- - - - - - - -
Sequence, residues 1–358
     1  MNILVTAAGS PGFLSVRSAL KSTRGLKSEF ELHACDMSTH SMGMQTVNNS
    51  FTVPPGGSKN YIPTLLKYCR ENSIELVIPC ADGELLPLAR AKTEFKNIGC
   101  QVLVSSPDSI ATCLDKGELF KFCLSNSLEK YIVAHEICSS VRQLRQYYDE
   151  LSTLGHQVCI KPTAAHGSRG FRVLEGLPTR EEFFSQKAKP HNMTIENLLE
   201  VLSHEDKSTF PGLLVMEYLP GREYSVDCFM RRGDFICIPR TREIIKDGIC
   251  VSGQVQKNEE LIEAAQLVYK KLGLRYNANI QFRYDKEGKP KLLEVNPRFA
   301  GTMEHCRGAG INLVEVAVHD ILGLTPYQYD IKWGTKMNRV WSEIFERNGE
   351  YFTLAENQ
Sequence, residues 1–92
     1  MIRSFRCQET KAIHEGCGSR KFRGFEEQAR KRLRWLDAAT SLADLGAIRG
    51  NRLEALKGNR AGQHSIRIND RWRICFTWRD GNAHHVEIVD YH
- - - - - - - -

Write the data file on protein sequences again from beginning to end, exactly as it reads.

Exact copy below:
Sequence, residues 1–358
     1  MNILVTAAGS PGFLSVRSAL KSTRGLKSEF ELHACDMSTH SMGMQTVNNS
    51  FTVPPGGSKN YIPTLLKYCR ENSIELVIPC ADGELLPLAR AKTEFKNIGC
   101  QVLVSSPDSI ATCLDKGELF KFCLSNSLEK YIVAHEICSS VRQLRQYYDE
   151  LSTLGHQVCI KPTAAHGSRG FRVLEGLPTR EEFFSQKAKP HNMTIENLLE
   201  VLSHEDKSTF PGLLVMEYLP GREYSVDCFM RRGDFICIPR TREIIKDGIC
   251  VSGQVQKNEE LIEAAQLVYK KLGLRYNANI QFRYDKEGKP KLLEVNPRFA
   301  GTMEHCRGAG INLVEVAVHD ILGLTPYQYD IKWGTKMNRV WSEIFERNGE
   351  YFTLAENQ
Sequence, residues 1–92
     1  MIRSFRCQET KAIHEGCGSR KFRGFEEQAR KRLRWLDAAT SLADLGAIRG
    51  NRLEALKGNR AGQHSIRIND RWRICFTWRD GNAHHVEIVD YH